"This is impossible," a Languedoc bloke muttered to me. "We use his formula every day. We have never heard of him. And he is here."
Much of the belated acknowledgement of Beckwith's achievements came through the constant niggling of that brilliant nerdy wizard Ian Hickinbotham (left), son of Allan Robb Hickinbotham, the founder of the Roseworthy wine science college. Hick Jr had heard his father speak of Beckwith; eventually they worked next door to each other, when Hick was at Kaiser Stuhl. Methinks some of that oath of secrecy may have softened at the boundary fence: Hick reveres Becky to this day. In the face of the Penfolds code of silence he harrassed the industry bodies and protocol wallahs of government until Beckwith finally began to be regarded.
In 2008 Beckwith noted of the attention he was suddenly getting “All these things have come only after the last few years. It’s a good thing I didn’t conk out earlier, otherwise I wouldn’t have known!”
A CLARIFICATION FROM IAN HICKINBOTHAM:
Regarding 'pasteurisation', I didn't get help from Ray (in fact, he had been warned off his friendship with me, which was really based on his respect for my father: unbelievable, when you think about it).
Extract (which really is the crux of it all) explains:
We relied on filtering to successfully remove the very active yeast that had made the ‘sparkling’ component by secondary fermentation, the same principle used by Orlando, but our effort was in vain. In about two months, we had to take back some 2000 dozen bottles from Burings, because yeast had re-activated and multiplied in bottles as a flocculent sediment.
At that time, I speed-read a lot of engineering as well as technical wine magazines. I read a letter in an American magazine by an important Professor Marsh, pondering why sparkling wine makers did not pasteurise in bottle as did Spumante makers of Italy.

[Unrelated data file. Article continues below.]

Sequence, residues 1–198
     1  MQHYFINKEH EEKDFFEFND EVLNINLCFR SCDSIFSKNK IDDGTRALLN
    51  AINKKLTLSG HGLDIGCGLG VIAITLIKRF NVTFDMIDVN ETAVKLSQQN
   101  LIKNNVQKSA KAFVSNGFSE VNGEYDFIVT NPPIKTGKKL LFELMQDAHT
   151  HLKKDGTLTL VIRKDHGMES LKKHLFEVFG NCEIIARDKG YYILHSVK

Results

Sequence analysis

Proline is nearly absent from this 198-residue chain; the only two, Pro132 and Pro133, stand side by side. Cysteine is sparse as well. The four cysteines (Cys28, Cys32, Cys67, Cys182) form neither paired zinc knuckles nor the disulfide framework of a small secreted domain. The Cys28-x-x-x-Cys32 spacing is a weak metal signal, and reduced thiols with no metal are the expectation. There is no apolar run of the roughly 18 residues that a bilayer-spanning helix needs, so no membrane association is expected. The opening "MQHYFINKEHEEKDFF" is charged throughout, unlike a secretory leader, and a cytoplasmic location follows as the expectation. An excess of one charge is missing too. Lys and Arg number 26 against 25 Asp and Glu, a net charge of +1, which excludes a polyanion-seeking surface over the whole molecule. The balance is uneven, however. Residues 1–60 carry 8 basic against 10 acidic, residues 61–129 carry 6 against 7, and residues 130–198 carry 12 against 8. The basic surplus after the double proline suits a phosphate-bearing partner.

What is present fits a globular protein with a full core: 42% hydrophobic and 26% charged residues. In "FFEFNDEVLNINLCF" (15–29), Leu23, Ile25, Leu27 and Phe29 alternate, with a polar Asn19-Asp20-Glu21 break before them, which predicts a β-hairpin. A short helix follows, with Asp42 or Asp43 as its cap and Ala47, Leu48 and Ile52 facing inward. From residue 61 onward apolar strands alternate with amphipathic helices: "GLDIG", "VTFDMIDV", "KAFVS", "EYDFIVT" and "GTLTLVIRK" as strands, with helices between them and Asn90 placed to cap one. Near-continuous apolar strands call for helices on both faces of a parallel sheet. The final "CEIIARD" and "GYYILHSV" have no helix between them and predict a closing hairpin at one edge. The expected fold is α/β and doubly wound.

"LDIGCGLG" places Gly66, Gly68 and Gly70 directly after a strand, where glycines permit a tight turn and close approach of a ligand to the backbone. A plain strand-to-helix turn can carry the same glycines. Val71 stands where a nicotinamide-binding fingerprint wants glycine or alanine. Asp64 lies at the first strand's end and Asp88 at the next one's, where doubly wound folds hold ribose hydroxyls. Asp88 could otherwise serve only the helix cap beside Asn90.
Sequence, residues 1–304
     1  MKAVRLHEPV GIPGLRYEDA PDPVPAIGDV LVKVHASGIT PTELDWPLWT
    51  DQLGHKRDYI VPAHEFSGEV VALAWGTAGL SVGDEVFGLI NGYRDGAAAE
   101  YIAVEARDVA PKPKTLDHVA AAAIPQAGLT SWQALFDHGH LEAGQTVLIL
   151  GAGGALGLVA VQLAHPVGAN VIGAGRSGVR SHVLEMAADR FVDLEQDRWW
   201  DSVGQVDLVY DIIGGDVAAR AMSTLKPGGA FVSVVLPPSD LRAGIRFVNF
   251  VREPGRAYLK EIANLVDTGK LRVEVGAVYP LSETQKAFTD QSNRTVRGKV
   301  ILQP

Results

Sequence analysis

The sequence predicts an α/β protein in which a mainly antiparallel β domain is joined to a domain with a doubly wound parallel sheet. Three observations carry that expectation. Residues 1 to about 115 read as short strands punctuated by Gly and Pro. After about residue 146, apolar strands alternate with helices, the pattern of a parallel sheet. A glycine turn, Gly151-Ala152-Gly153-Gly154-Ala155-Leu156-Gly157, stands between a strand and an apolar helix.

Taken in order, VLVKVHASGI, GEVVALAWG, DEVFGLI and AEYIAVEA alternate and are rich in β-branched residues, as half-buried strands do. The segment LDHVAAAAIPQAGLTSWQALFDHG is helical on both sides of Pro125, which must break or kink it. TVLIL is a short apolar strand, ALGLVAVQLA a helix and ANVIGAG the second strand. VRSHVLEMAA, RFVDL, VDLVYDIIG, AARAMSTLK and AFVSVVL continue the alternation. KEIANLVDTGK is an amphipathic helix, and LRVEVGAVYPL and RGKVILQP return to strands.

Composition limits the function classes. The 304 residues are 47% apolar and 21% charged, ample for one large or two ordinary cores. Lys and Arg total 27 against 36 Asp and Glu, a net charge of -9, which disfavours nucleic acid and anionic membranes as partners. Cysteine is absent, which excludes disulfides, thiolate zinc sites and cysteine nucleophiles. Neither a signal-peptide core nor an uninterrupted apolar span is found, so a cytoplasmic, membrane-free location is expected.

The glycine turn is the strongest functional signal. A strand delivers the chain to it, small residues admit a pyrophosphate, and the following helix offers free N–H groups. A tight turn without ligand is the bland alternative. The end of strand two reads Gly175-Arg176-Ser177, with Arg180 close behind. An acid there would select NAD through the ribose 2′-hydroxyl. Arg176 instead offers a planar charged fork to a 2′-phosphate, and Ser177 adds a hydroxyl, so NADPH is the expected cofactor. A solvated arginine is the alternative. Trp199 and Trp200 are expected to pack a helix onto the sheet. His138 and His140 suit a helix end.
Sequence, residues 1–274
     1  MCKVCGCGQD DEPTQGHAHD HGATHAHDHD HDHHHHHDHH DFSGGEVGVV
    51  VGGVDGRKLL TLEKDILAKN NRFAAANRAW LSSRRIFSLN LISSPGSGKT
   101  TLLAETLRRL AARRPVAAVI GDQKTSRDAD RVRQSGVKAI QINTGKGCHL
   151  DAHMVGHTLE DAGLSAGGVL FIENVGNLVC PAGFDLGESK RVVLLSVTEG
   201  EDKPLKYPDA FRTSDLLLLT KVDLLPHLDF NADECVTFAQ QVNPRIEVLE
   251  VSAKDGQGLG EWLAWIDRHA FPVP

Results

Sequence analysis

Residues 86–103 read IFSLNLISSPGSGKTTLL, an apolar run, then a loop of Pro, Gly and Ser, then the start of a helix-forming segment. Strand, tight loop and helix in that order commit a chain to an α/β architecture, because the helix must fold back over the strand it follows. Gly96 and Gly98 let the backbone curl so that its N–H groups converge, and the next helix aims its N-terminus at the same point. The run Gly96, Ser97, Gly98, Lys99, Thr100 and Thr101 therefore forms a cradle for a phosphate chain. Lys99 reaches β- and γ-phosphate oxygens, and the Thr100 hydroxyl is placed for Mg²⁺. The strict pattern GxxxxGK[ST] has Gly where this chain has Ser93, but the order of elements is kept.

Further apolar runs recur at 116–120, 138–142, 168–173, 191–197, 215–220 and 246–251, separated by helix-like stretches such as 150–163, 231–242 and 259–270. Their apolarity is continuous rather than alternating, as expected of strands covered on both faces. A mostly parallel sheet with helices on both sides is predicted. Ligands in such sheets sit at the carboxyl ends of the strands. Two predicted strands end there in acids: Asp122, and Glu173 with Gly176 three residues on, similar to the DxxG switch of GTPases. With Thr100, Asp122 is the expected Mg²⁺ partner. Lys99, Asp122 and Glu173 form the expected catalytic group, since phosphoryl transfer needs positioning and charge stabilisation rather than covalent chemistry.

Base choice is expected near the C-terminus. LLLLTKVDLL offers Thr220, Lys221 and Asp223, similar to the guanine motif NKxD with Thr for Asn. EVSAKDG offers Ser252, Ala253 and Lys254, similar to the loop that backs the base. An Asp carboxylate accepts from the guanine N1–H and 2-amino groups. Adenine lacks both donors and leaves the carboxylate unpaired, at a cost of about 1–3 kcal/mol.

Pasteurising was, and still is, almost a dirty word in our wine industry and was dismissed because of association with the cheap wines of Europe. However, the thrust of the article was that, because of the gas content in sparkling wines, the temperature needed to achieve pasteurisation was quite low. I decided to trial the technique. At the same time we encountered some luck: the local cannery had failed and we were able to buy pressure retorts from the receiver, offering £1000 to ensure success.
Roger Blake, our Technical Manager, had made sparkling wines for McWilliams Wines in New South Wales and he had an enormous capacity for work. With two old pulp filters, which were pressure vessels of a sort, we added temperature recorders, also from the cannery, and began searching for the critical temperature and the time necessary to hold the wine at the temperature at which we could achieve pasteurisation. Blake successfully established both the temperature and time at which we could ensure the killing of all yeast cells.
Note: The temperature Blake established - only 73 degrees, and the time, 45 minutes.